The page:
We Are, the newest sculptural work by Andrew Rogers, will be unveiled on Thursday, May 11th as a collateral exhibition to the 2017 edition of La Biennale di Venezia - 57th International Art Exhibition. Comprised of eight large bronze and stainless steel sculptures, this installation is a further iteration of Rogers’ series titled I Am. Presented in part by the Global Art Affairs Foundation; the work will be on view through November 26, 2017, at Palazzo Mora in Venice, Italy. Rogers’ practice explores human emotion through the light, organic forms that define his sculptural works, as well as the importance of the individual in affecting change.
The artist sees the works in the series I Am and its derivative We Are as a metaphor for the dichotomy of human nature. The rough, undulating, organic outer surfaces that represent our physical selves are in direct contrast to the delicate, polished interiors reflecting the internal personal world of our thoughts. Belief in the individual as a catalyst for change informs Rogers’ ongoing practice: “We are all individuals possessing the sanctity of a singular life and the ability to express ourselves. At the same time we are part of the society within which we live,” Rogers says. “These figurative forms are to remind us that it is the individual that makes our world a place of justice and compassion.” Rogers work complements the ideas expressed by Christine Macel, 2017 Director of the Venice Biennale, in her curatorial statement, that, “In a world full of conflicts and jolts, in which humanism is being seriously jeopardized, art is the most precious part of the human being. It is the ideal place for reflection, individual expression, freedom, and fundamental questions…more than ever, the role, the voice and the responsibility of the artist are crucial in the framework of contemporary debates.” The work philosophically relates to Roger’s ongoing series of geoglyphs – large-scale land-art installations for which he is best known. To date the project – titled Rhythms of Life – encompasses 51 major stone sculptures across the world, which act together to create the largest contemporary land art project. Each individual geoglyph is an act of collaboration between Rogers and the local community in which it is situated – as they work together to find and create a symbol that is significant to each respective region and people – and yet as a group they form a set of drawings across the earth visible from space.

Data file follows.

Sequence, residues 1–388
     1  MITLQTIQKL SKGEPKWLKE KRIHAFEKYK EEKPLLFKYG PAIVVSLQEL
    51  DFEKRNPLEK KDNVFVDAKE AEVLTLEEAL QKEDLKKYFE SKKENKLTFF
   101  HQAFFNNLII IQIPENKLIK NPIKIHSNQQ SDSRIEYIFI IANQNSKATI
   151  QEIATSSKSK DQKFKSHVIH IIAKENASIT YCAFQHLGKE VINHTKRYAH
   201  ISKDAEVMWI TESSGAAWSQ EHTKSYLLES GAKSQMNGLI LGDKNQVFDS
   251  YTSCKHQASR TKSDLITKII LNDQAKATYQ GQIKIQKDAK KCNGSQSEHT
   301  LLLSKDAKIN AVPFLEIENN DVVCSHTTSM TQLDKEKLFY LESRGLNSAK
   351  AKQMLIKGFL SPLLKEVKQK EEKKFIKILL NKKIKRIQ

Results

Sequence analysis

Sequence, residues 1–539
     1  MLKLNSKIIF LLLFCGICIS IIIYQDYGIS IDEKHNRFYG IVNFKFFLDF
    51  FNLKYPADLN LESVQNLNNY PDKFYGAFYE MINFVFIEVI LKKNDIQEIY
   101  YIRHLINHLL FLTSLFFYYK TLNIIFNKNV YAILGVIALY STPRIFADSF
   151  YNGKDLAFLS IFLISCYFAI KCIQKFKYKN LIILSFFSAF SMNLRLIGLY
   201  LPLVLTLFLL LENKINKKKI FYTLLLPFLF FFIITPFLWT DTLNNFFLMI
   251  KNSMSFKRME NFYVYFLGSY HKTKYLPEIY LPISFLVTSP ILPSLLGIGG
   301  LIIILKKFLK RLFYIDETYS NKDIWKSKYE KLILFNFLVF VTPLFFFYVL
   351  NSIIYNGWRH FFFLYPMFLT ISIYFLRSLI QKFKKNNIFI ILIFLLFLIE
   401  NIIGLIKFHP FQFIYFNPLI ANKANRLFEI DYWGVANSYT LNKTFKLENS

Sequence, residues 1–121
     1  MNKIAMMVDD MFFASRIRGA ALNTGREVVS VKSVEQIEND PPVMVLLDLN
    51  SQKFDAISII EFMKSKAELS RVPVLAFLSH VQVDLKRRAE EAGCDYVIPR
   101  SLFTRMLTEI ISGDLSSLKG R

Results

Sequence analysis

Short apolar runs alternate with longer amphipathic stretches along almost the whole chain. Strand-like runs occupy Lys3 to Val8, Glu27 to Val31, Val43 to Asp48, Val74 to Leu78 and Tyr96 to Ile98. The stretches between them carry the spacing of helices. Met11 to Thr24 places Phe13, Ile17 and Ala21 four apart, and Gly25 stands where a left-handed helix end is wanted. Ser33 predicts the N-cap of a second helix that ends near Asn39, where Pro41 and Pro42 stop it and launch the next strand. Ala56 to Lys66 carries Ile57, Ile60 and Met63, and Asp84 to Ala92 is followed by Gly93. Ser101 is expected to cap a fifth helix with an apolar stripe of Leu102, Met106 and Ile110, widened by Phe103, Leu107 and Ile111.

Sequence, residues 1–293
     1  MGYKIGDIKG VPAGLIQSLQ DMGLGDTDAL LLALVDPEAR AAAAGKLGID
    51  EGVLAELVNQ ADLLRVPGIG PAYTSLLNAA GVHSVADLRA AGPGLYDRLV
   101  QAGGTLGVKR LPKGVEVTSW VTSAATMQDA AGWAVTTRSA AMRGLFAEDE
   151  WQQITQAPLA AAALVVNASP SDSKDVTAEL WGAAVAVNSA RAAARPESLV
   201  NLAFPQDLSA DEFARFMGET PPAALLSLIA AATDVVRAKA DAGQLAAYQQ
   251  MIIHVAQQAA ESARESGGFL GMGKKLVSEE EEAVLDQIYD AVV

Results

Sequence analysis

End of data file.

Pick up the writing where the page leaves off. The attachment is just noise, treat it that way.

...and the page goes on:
Over the years this project has involved over 7,500 people in 16 countries across all seven continents and continues to grow. About the Artist Andrew Rogers is one of Australia’s most distinguished and internationally recognized contemporary artists. International exhibitions are frequent and his critically acclaimed sculptures are in numerous private and prominent public collections and around the world. Rogers has received many significant commissions, including several large-scale pieces and various forms of land art. Rogers’ work is exhibited widely internationally and is the subject of books and documentaries shown on Ovation in the United States, the Discovery channel in Europe and the ABC and National Geographic channels.
The Rhythms of Life land art project is featured on the Google Cultural Institute’s Art Project website in a digital exhibition of ultra-high resolution images. About the Global Art Affairs Foundation The GAA Foundation is a Dutch non-profit organization that aims to heighten the awareness about the more philosophical themes in contemporary art, architecture and in culture in general. In particular, it promotes the theme: "Time – Space – Existence", making this subject matter more accessible to a wider international audience. In order to achieve this goal, it organizes exhibitions, symposia, publish extensively and create art projects.
The GAA Foundation was established in 2002 in New York, USA and starting in 2009, the Foundation has been based in Leiden, the Netherlands with a branch in Venice, Italy. Since 2002 the GAA Foundation has organized 26 contemporary art exhibitions and 6 symposia in Japan, the United States of America and various European countries. In addition, it supports, encourages, and enables the creation of artworks and undertakes joint projects with a range of international artists. For more information please visit: www.andrewrogers.org